It's been a chilly and blustery week with the 'beast from the east' causing widespread havoc across many parts of the UK.
It has also been the first real test to see how well the house would perform, and with temperatures dropping as low as minus six overnight we have been pleasantly surprised how consistent internal temperatures have remained. We couldn't help feeling slightly vindicated that the effort (and expense) of building to the exacting Passivhaus standard suddenly became completely worthwhile.
It's not been especially toasty inside (generally 20 celsius +/- 1 degree) as the radiators never get that hot, and they never seem to come on upstairs, but it doesn't seem to stop the kiddies from wearing very little most of the time. Solar gain makes a huge difference, with even a couple of hours of afternoon sun pushing the temperature easily up to a comfortable 24 celsius. It's interesting then how much of the heat will be retained through the night as the following morning temperatures are usually a degree or so higher than normal.
The outside walls are noticeably warmer to the touch at head height than at skirting level, highlighting the effect of our our big thermal bridge where the ground slab meets the external wall.
It's supposedly spring now; bring on summer.
...but not quite close enough. Regular visitors will know that we have been aiming for the EnerPHit standard for the renovation works; the final air test was the decider as the previous attempt in June only achieved a combined average of 1.45 air changes per hour (at 50Pa).
We knew the curve was getting steeper to achieve it (exponentially), but we had identified several areas needing work and those had all been 'plugged'. On the day, the best we could achieve was a combined average of 1.18 air changes, so a good improvement but not good enough for the EnerPHit requirement of 1.0 or better. The Air Flow Exponent averaged at around 0.9, indicating that the holes were many and tiny rather than a few large ones.
This was disappointing of course but it doesn't change the way we are able to live in what is still a draught free and extremely comfortable home.
On the plus side we will not now need to have the debate with the certifier about whether or not the loft volume should be included in the calculation! It had been suggested that it should not, which made no sense to us as the loft is within the Passivhaus envelope; a discussion for another day perhaps.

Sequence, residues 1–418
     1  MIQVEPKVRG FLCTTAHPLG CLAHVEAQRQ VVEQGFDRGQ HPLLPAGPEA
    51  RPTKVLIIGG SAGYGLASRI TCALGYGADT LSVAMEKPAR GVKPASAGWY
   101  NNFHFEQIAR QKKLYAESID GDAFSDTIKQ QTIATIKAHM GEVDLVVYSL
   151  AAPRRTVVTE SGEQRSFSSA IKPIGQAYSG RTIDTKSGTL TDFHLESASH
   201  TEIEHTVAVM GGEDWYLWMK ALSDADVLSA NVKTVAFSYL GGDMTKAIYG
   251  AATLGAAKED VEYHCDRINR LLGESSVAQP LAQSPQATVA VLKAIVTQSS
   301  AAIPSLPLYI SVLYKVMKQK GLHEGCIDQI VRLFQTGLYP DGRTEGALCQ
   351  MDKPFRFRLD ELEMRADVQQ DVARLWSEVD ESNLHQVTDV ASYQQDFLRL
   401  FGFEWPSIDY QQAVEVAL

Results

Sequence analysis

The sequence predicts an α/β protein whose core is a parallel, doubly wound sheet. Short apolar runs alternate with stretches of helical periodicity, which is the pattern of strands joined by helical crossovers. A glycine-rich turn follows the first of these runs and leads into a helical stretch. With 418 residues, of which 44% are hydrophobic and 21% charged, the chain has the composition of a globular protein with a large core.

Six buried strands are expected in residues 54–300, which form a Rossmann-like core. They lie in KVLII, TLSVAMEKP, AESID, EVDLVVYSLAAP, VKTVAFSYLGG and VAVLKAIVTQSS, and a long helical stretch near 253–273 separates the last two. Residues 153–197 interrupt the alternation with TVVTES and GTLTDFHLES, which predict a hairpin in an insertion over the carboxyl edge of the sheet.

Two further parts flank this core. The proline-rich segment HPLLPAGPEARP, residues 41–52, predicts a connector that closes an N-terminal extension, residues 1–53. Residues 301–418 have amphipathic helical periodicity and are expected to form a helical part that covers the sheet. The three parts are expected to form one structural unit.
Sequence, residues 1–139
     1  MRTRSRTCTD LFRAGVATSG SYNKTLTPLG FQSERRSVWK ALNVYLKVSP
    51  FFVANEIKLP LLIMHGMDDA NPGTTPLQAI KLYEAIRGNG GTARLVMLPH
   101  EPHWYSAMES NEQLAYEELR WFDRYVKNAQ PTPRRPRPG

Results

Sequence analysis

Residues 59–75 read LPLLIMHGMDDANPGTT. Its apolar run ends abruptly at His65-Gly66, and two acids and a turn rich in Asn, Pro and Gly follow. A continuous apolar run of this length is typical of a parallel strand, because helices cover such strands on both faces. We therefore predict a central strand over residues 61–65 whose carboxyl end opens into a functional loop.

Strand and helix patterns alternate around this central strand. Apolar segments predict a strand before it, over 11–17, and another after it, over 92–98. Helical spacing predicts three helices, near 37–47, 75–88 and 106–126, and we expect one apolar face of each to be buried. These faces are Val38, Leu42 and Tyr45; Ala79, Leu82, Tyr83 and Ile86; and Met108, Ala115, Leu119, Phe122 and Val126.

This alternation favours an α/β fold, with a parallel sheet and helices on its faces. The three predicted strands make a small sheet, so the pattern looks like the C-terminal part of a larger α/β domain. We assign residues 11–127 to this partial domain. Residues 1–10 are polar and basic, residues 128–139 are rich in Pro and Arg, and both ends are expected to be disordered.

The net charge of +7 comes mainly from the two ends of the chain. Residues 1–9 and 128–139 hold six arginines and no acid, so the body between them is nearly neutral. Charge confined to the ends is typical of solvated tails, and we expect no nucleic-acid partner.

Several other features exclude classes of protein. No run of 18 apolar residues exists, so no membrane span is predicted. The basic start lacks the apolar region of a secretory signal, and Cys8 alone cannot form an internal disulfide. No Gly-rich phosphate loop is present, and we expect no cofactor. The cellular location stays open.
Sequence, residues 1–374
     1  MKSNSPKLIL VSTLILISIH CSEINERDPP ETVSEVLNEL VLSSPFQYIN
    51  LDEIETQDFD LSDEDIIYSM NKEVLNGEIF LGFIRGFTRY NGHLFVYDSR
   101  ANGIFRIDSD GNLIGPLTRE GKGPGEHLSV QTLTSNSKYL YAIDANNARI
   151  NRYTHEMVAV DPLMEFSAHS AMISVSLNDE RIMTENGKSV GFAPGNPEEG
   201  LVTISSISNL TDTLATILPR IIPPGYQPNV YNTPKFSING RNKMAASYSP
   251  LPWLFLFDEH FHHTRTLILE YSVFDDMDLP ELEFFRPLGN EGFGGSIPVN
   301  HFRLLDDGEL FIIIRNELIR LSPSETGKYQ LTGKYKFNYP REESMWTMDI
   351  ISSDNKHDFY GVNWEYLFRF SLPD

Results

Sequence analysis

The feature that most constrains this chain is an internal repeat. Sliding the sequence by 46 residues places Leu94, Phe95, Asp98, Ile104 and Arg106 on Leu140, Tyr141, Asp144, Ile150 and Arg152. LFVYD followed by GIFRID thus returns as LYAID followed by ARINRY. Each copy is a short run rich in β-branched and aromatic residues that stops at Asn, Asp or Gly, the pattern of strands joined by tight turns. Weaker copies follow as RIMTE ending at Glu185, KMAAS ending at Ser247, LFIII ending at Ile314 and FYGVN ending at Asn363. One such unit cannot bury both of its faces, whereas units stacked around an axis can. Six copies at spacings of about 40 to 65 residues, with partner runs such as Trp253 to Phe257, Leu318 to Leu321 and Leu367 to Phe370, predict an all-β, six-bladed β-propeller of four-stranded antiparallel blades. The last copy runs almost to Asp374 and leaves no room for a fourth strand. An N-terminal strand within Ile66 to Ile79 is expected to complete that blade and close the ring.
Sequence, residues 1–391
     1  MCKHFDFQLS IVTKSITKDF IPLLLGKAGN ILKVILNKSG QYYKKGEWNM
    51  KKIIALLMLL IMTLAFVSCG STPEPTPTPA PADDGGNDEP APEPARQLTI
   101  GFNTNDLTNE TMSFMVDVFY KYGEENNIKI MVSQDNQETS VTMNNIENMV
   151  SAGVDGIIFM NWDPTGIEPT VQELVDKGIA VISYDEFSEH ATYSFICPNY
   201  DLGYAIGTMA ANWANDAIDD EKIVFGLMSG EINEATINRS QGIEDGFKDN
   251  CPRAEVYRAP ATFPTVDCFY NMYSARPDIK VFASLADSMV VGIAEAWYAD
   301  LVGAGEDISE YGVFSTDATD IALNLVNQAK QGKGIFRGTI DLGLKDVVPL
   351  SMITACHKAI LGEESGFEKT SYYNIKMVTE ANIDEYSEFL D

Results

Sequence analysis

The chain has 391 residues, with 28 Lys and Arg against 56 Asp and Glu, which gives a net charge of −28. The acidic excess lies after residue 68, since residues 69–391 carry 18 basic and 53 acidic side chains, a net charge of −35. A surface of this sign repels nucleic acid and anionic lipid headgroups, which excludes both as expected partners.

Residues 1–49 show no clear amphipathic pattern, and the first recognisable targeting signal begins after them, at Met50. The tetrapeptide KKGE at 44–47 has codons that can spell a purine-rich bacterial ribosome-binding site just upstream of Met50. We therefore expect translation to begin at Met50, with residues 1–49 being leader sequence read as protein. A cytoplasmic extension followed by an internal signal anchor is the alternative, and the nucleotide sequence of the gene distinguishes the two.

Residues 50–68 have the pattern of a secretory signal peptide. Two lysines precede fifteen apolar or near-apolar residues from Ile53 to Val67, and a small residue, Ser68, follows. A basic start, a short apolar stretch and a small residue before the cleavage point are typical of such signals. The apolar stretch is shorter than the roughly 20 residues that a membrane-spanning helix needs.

We've learnt a huge amount about airtightness, and the importance of careful workmanship to achieve the high standard required. We think the weak point in our case was the existing cavity wall which, despite our best efforts, was difficult to effectively seal in all areas, particularly where the new build structure attached. We had primarily relied on the parge coat applied directly to the outside of the existing brickwork for the airtight line. Next time we will pay more attention to details internally.
We're at the enjoyable stage of the project when the house is tidied up for photos. We asked James Andrews Photography to take the pics and there are some great shots, now appearing on our new Instagram account. Here's a taster...
We're working towards what we hope will be the final air-test in the next few weeks.
Two leaky areas that emerged during the last forensic test were the gable end walls inside the loft, essentially the inner leaf of fairfaced blockwork, poorly jointed and therefore drawing in air from the cavity behind. Hindsight being that wonderful thing, we should of course have dealt with this before loading the walls up with Paul, ductwork, the boiler and no end of pipework and tanks. Alas, we didn't anticipate the issue.
So after several months trying to find a plasterer to take on this small but fiddly task, and failing, it seemed the only way was to do it ourselves. I mean, how hard can plastering be?
Hard, particularly with the aforementioned obstacles. But it's done now and the plaster is still on the wall; I used Browning, dampening the blocks first to hopefully improve the bond.
The driveway has been paved finally, with a raised platform leading to the front door using the same grey pavers. Thorough job by Liam at Kelly Driveways.
Not before time, I'm finally now insulating the intake and exhaust ducts between Paul and the external terminals. This is to avoid condensation on the ducts, more likely now the temperature has dropped. It's tedious forming the flat 25mm thick Armaflex sheet around the bends, but it'll be a good job done. Unfortunately I'll finish and then have to do it all again to provide 50mm thickness.
Armacell's data sheet says the vapours may cause drowsiness or dizziness; high as a kite more like.
The sun shone for several visitors yesterday at our annual International PassiveHouse Open Days event, flying the flag for Manchester. It was encouraging that many of the visitors were students showing plenty of interest, and knowledge, of the Passivhaus principles.
Need to keep the postman happy - almost looks designed...
The post drops into the garage to avoid breaking the Passivhaus line. Has anyone designed a PH postbox?
We've spoilt ourselves to a new garage door, nothing fancy but it does have a hoofa doofa; always wanted to drive into a garage without getting soaked opening the door. Need to make some space in the garage now.
And that's the last of the cedar cladding to be installed, apart from the gate, the bin store...
Finally, now the temperature has dropped, we have discovered a disadvantage to living in a Passivhaus.
Our children have become used to wearing very little inside, such that when it's time to go out there is great reluctance to wear anything near appropriate for the cooler conditions. Hardy perhaps, but shorts and t-shirts really aren't enough now.
Russel and Anna Hayden